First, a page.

Will Smith never planned on being an actor. He never planned on being broke and in debt to the IRS, either. In this video, Smith breaks down how being bad with money started him down the road to becoming one of the biggest TV and film stars in the world. Read the rest
A few weeks back, a number of external hard drives full of state taxpayer information were poached from the offices of Florida's Department of Revenue. Why these drives full of sensitive data were left out in the open where anyone could walk with one is a question I'm betting there's a really entertaining answer to. Maybe we'll get to hear it someday. In the meantime, here we go: the drives have been recovered and the criminal mastermind behind the theft was a janitor that wanted more storage in which to download Xbox games.
According to the Florida Department of Law Enforcement, Florida man (of course) Andru Rae’sion Reed was cleaning the offices of the Florida Department of Revenue when he saw the hard drives and decided to take it upon himself to liberate them from the day-to-day drudgery of storing a whack of taxpayer information. As he took them to their new forever home, Reed promised the hard drives that they could spend their days chewing on game files while they were attached to his Xbox.
On March 30, FDLE agents dropped by Reed's home to see how he was doing and see if he, I don't know, knew anything about the missing hard drives. Reed came clean on the fact that he did indeed have the drives, stating that he had no idea of what was on them. From what the FDLE has to say, it doesn't look like any of the taxpayer information on the drives was shared by Reed, but they're going to do a little more digital digging, just to make sure. Read the rest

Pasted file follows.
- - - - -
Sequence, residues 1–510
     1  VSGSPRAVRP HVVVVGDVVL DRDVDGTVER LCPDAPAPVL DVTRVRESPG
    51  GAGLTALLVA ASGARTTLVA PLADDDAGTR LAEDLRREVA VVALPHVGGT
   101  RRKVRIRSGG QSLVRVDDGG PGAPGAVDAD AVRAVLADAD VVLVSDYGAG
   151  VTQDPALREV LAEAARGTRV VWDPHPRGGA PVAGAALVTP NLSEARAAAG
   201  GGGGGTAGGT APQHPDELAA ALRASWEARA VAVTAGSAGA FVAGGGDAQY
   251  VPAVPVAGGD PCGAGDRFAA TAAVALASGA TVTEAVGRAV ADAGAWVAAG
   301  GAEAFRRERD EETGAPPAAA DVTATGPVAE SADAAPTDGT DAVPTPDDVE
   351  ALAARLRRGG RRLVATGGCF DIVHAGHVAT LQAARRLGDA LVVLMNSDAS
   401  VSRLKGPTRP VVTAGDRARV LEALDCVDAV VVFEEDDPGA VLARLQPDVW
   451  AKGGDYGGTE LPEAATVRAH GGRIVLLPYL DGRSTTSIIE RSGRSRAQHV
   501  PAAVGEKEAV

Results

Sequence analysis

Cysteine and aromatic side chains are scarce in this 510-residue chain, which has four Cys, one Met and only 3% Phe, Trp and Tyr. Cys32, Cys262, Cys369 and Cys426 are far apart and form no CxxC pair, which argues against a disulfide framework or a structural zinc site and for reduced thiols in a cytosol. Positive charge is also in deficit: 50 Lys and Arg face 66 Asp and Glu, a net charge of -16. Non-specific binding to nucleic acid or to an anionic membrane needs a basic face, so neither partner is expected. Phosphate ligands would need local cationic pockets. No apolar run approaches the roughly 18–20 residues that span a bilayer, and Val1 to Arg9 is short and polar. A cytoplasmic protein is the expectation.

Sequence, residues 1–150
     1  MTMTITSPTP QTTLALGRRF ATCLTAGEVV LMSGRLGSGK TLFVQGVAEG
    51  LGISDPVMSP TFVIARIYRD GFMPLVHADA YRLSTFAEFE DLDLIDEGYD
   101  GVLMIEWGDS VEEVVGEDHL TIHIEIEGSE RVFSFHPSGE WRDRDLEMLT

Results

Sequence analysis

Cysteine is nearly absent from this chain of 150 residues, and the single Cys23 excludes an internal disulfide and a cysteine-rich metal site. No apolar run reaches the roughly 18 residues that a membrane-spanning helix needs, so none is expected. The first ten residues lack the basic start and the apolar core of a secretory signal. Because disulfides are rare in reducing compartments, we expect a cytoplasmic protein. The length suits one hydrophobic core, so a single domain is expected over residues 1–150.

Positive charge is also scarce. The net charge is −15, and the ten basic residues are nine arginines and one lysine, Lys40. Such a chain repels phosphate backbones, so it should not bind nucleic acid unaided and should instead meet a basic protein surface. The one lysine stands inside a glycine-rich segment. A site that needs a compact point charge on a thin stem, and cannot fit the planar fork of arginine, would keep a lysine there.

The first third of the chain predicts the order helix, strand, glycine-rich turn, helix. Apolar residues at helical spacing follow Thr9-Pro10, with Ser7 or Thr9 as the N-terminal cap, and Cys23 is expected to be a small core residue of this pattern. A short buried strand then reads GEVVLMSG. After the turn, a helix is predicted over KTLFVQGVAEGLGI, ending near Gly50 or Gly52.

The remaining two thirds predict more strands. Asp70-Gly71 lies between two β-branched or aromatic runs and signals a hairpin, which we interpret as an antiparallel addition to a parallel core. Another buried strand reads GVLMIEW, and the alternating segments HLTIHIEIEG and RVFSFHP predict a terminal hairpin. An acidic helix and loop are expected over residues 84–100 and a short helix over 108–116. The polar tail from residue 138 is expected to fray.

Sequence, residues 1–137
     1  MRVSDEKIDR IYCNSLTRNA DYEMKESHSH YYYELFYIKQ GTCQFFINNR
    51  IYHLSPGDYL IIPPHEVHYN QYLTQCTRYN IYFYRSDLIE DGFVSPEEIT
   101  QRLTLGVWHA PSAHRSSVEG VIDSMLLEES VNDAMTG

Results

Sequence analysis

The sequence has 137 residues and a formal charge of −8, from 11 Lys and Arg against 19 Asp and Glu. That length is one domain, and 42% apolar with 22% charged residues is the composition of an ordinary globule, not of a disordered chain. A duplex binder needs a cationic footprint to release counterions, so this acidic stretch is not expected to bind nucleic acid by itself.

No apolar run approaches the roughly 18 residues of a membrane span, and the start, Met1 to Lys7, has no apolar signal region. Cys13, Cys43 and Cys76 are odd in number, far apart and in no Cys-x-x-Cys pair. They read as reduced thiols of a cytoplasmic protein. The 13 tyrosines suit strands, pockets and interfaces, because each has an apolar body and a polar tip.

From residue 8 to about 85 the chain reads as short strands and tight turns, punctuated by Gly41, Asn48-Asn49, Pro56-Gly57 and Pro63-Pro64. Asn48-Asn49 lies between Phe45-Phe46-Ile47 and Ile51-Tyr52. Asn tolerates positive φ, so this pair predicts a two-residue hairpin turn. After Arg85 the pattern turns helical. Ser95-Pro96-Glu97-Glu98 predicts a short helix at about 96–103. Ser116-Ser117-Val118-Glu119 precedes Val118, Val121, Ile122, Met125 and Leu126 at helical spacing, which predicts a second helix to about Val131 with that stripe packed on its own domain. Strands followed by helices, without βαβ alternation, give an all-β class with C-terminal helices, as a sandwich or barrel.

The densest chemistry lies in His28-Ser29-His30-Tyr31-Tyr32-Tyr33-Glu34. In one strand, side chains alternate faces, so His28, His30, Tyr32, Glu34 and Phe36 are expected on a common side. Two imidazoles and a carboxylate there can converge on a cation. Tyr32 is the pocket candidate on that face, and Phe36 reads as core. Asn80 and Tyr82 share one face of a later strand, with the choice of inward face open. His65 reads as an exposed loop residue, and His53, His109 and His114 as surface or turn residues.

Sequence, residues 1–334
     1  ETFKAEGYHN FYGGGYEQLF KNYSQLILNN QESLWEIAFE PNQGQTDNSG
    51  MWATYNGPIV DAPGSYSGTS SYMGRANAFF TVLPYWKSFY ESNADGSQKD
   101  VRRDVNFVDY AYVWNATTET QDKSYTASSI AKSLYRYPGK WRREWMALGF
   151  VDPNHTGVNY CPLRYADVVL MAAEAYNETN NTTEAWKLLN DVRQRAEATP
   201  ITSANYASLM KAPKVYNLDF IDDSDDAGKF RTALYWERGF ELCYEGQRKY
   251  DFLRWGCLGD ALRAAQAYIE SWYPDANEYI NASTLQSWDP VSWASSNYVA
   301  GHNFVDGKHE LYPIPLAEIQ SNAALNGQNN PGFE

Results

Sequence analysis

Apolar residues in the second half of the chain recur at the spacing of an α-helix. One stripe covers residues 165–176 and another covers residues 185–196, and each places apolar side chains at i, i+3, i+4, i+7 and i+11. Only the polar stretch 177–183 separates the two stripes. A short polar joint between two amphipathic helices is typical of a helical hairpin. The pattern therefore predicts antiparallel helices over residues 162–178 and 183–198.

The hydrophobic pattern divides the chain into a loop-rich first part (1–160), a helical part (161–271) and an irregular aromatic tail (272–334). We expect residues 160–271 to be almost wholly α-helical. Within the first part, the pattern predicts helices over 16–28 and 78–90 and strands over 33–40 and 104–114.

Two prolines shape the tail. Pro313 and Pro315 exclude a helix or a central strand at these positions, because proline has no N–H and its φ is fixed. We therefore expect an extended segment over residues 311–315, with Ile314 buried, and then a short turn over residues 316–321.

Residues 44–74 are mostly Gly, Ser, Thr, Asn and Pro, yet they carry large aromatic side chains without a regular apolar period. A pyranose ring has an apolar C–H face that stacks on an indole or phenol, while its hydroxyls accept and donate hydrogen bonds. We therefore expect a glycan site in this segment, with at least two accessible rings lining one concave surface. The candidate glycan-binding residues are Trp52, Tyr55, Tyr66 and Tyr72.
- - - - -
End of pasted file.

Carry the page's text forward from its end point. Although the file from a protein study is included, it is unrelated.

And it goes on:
Congratulations, America! The electronic federal tax filing system offered by the Internal Revenue Service so you can file your taxes today just crashed. Read the rest
The Dodd-Frank act mandated that publicly listed companies would have to publish an annual figure listing the ratio between their CEO's pay and their median worker's pay: now, after nearly a decade of stalling tactics from corporate lobbyists, those figures are emerging, and they're equipping cities with the tools they need to crack down on the most unequal companies in the world.
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Colorado has a booming economy and high employment, yet its schools and infrastructure are seriously underfunded. The reason, according to this Full Frontal segment, is that 25 years ago an amendment to the state constitution was added requiring any tax increase to be voted on by the people of Colorado. As you might guess, people hardly ever vote to raise their taxes. The segment focuses on the man who fought to get the amendment added to the constitution, Douglas Bruce. He's quite a character. He was imprisoned for tax evasion, once charged with assault, calls himself a freedom fighter ("Martin Luther King and I are both freedom fighters."), and thinks an invitation to hug is a "homosexual encounter." Read the rest